One way to increase educational options for students in poverty is by incentivizing Delawareans to help those students go to the school of their choice, whether that school is public or private. At least 16 states have some form of “scholarship tax credit,” where an individual or an organization receives a tax credit for donating to a nonprofit that funds scholarships for low-income students to attend private school. Delaware should be one of those states. This legislation would create that tax credit, limited to $25,000 per individual or business and capped at $1,000,000 total for the first year.


While education is the key step to ending inter-generational poverty, not everyone completes the educational process. Though some people emerge unskilled and with no degree, those Delawareans are valued members of society with much to offer. For them, workforce training is a must, and it is critical that the training match the jobs of today and tomorrow.

For many decades, we have layered program upon program, with very little focus on measured outcomes. In fact, it is extremely difficult to even determine how many different government-funded workforce training programs exist in Delaware. Therefore, the time has come for a review commission to study our workforce training programs with questions like these: Are our programs measurable? Are they being measured? How much duplication of programming is occurring? Are there areas of need that aren’t being addressed? Are programs training for the future or the past? Can we provide better training for less money? The first step in reforming our training is a full vetting of the information available. Our legislation will create a committee to study these and other questions and make recommendations for actionable change.


In the modern era, training can be found in a multitude of places. Zip Code Wilmington teaches Delawareans to code in Java in an intense, 12-week program. Students emerge from this program with vastly increased earning potential, and the first class of the program resulted in 100% employment. Other programs exist throughout the state that are both attainable and would immediately put a family on the path out of poverty. One example is the Commercial Transportation Certificate program at Delaware Tech, which in a short time prepares individuals to drive a commercial hauler – a good-paying job that is in need in this economy. Our legislation would create a tax credit for companies that pay for certified external training for long-term unemployed Delawareans whose household income is beneath the poverty line. The credit would cover the cost of training up to $5,000, with an annual cap of $1,000,000.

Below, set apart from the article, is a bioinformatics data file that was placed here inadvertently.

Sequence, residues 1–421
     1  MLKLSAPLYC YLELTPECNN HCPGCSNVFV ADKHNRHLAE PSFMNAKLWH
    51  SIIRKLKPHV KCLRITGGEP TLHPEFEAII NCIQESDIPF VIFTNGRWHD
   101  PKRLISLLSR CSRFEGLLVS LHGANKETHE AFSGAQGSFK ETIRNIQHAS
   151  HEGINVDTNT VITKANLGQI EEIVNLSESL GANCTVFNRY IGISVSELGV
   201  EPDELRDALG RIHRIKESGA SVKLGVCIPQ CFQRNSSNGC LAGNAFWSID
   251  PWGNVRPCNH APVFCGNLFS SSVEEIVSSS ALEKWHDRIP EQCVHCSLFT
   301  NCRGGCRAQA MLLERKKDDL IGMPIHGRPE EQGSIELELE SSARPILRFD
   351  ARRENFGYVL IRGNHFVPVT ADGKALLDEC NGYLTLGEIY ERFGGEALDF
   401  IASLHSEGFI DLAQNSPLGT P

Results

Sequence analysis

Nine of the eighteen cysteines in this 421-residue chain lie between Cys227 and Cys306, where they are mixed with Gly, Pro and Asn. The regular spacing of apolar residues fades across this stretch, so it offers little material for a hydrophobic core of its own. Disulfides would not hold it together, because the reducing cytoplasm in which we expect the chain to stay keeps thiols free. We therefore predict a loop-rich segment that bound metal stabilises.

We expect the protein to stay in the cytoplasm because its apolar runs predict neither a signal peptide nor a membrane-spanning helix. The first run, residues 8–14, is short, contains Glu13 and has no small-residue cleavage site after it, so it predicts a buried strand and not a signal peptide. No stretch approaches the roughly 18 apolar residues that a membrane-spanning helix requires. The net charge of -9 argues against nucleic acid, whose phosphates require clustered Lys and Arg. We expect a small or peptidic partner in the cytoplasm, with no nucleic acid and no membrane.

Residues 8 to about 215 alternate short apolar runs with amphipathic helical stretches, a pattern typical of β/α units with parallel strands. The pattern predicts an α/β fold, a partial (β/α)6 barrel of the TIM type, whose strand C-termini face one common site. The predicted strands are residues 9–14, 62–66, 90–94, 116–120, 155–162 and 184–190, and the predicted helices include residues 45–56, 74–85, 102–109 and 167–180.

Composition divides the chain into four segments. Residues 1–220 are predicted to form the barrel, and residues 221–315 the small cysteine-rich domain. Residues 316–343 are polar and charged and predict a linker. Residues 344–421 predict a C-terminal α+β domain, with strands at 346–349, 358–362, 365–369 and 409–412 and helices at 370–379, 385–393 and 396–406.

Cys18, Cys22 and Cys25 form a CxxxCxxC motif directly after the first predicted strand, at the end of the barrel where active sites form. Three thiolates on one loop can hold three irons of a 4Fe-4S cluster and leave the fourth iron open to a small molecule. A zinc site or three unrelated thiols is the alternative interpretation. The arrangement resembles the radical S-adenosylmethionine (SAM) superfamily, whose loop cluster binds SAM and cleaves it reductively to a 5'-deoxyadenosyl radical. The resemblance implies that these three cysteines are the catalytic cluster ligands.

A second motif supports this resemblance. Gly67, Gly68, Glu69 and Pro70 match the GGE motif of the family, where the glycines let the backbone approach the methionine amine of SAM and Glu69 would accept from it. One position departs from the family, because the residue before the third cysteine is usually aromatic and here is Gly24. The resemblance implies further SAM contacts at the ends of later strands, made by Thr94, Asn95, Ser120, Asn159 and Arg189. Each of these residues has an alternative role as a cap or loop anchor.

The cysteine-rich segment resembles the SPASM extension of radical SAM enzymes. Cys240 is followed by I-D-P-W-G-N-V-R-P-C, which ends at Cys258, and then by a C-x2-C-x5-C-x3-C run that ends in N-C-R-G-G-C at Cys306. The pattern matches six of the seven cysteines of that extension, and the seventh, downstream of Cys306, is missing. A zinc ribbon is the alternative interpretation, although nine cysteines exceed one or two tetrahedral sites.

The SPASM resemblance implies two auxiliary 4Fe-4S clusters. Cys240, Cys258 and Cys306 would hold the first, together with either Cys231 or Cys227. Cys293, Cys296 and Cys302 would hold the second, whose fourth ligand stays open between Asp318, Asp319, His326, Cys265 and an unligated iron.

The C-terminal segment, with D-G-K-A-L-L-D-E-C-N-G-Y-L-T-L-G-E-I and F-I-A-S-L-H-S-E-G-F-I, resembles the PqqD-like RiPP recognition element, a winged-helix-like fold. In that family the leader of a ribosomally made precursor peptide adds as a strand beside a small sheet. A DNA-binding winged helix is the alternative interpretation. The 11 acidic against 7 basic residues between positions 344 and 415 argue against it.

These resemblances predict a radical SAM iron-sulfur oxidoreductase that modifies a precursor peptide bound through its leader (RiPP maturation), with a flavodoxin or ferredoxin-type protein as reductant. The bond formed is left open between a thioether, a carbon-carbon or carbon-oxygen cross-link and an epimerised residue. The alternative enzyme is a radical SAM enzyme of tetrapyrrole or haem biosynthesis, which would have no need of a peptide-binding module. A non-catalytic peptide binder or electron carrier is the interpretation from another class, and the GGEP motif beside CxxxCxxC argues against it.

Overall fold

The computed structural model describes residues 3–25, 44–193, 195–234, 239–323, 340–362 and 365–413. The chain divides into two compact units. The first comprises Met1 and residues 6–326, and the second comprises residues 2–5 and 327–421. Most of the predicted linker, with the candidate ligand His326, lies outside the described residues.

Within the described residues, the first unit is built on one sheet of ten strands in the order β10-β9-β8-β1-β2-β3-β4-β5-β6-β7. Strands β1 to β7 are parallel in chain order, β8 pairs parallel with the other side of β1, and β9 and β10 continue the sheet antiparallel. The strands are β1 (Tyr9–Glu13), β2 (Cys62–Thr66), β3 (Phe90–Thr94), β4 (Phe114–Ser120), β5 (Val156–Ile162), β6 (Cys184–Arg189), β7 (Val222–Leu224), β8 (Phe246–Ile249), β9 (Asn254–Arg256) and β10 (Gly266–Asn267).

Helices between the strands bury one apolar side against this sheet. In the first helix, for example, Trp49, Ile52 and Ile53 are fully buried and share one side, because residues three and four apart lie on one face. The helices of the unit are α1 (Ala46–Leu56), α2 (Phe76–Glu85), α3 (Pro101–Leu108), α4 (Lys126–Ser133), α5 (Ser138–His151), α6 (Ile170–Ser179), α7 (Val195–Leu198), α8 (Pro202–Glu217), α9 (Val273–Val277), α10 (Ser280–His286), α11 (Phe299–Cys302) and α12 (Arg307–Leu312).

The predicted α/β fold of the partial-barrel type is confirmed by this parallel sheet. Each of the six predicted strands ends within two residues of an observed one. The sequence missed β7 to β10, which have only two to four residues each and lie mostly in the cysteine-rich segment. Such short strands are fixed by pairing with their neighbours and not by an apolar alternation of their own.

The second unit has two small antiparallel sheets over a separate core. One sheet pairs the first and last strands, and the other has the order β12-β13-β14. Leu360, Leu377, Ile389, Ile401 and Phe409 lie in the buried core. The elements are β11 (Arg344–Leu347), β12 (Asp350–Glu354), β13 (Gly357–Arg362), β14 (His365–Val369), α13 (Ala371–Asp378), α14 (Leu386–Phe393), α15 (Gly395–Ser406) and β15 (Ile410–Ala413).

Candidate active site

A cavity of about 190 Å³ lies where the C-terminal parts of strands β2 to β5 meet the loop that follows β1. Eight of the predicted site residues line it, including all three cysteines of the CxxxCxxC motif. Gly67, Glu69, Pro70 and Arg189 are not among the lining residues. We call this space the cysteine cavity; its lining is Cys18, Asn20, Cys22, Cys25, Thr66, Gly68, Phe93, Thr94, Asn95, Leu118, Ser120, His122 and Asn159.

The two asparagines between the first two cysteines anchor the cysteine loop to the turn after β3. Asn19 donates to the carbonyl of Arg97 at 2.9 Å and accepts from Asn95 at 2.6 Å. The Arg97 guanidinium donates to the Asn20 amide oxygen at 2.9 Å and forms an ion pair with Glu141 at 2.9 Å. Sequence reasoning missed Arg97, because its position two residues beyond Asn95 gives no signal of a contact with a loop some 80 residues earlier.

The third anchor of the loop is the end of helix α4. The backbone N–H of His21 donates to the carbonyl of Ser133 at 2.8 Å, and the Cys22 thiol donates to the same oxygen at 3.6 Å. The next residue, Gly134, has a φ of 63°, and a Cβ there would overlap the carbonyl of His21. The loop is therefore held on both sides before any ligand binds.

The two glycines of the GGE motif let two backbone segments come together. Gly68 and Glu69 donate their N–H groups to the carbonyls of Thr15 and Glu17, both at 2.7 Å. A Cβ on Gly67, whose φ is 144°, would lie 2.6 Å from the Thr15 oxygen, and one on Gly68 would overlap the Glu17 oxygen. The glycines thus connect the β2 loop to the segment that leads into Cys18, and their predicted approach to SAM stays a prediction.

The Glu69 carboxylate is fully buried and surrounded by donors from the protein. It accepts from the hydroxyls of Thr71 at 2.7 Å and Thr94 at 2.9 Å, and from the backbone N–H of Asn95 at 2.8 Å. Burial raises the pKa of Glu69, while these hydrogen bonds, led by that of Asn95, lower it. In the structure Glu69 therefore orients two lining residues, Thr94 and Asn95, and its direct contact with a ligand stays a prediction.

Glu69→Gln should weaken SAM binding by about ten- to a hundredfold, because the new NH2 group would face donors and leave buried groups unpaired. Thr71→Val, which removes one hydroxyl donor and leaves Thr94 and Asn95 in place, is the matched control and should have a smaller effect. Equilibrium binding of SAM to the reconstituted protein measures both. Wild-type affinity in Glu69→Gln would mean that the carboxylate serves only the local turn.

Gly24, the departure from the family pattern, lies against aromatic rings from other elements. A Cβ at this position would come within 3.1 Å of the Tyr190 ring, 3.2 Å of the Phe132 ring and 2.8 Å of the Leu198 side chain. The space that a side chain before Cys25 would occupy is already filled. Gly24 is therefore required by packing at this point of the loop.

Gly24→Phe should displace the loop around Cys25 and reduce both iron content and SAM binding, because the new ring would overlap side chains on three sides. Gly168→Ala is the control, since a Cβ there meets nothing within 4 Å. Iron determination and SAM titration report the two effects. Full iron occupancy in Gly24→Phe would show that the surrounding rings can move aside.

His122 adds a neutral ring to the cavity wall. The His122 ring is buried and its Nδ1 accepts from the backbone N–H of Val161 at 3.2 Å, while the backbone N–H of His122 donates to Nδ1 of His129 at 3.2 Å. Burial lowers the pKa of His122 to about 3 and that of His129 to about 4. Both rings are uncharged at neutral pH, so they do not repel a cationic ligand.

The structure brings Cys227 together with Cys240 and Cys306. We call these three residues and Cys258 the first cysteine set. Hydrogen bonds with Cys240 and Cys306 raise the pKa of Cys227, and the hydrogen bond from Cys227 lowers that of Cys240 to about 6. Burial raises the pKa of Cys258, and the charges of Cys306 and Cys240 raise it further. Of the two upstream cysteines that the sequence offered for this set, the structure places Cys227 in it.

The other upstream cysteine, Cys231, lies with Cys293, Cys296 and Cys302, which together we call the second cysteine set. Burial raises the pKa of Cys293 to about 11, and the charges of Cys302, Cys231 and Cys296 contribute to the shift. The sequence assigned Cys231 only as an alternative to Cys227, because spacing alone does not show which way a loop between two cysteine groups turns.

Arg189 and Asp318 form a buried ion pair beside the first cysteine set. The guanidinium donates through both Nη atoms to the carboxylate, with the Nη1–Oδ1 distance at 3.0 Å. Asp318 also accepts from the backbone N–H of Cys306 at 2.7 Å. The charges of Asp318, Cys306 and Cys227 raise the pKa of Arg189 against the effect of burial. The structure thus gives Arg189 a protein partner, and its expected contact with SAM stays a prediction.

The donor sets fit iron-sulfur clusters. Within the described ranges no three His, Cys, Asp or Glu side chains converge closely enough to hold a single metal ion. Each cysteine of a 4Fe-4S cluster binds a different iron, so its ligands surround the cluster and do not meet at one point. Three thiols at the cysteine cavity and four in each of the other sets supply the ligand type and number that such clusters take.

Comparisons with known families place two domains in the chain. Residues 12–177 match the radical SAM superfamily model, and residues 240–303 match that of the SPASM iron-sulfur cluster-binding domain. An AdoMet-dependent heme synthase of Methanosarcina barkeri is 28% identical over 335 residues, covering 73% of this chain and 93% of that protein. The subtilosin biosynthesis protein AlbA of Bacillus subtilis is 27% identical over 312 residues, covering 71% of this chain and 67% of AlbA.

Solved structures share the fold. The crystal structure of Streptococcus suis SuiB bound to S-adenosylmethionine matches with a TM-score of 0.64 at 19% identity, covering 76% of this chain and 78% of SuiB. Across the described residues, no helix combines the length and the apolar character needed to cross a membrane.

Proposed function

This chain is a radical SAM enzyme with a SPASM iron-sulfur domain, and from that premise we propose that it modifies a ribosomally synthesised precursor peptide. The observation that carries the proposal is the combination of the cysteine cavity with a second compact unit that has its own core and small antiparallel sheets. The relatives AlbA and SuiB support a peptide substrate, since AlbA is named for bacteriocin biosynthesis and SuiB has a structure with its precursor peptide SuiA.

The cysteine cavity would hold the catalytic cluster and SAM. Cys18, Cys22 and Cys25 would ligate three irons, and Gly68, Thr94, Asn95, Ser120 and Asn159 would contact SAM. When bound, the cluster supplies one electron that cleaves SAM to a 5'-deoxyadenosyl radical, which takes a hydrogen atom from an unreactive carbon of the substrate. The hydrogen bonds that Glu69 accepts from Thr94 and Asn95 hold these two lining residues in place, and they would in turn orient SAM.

Sometimes the best training is not external, but exists inside the operation. On-the-job training that provides a marketable skill is extremely valuable to both the employee and the state. Once a marketable skill is obtained, the chances of an individual slipping back into poverty are considerably reduced. Our legislation would create a $5,000 tax credit covering the first year of a newly hired apprentice who lives below the poverty line, has been unemployed for six months or longer and/or is newly released from prison. The annual cap for the tax credit would be $1,000,000.


Another method of funding training would be to allow the state’s SEED (Student Excellence Equals Degree) funding and similar programs to be used for certified training outside the walls of our state’s colleges and universities. As we stated previously, traditional education is a great path forward. However, there are plenty of non-college programs that provide a marketable skill. Students at successful training programs like Zip Code Wilmington should be eligible for state funding as well.


While workforce training is valuable, sometimes a person has the training they need, and has the entrepreneurial motivation, but simply needs the government to get out of the way so they can unleash their talents directly into the economy.

In 2012, California reformed their food regulations to create a “cottage food” industry, simply by allowing “non-hazardous” food producers like bakers to use their home kitchens for production. As a result, 1,200 new businesses and thousands of jobs were created. Our legislation would follow suit, allowing home producers to operate with a license requiring that producers complete a food safety certification course and carry proper amounts of insurance.  This represents a wonderful opportunity for families, including those in poverty, to create a side business and add income to the family budget. And over time, this initiative would increase the probability that one of those home-based businesses “takes off” and becomes an employer of hundreds of Delawareans.


It is our goal to see Delaware become the lowest-poverty state by the year 2024, and we believe that action on these agenda items will increase our chances to meet that goal while reducing government spending in the long run.